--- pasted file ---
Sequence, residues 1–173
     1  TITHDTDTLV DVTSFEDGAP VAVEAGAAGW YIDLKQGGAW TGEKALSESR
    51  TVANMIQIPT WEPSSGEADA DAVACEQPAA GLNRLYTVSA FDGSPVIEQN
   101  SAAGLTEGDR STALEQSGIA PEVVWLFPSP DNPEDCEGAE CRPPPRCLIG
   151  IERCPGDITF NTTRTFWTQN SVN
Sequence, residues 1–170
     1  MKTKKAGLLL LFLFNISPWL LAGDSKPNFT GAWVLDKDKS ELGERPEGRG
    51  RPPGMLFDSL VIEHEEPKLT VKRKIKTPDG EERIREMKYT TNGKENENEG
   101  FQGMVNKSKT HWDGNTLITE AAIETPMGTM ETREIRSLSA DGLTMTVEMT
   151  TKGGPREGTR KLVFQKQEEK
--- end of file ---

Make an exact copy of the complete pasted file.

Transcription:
Sequence, residues 1–173
     1  TITHDTDTLV DVTSFEDGAP VAVEAGAAGW YIDLKQGGAW TGEKALSESR
    51  TVANMIQIPT WEPSSGEADA DAVACEQPAA GLNRLYTVSA FDGSPVIEQN
   101  SAAGLTEGDR STALEQSGIA PEVVWLFPSP DNPEDCEGAE CRPPPRCLIG
   151  IERCPGDITF NTTRTFWTQN SVN
Sequence, residues 1–170
     1  MKTKKAGLLL LFLFNISPWL LAGDSKPNFT GAWVLDKDKS ELGERPEGRG
    51  RPPGMLFDSL VIEHEEPKLT VKRKIKTPDG EERIREMKYT TNGKENENEG
   101  FQGMVNKSKT HWDGNTLITE AAIETPMGTM ETREIRSLSA DGLTMTVEMT
   151  TKGGPREGTR KLVFQKQEEK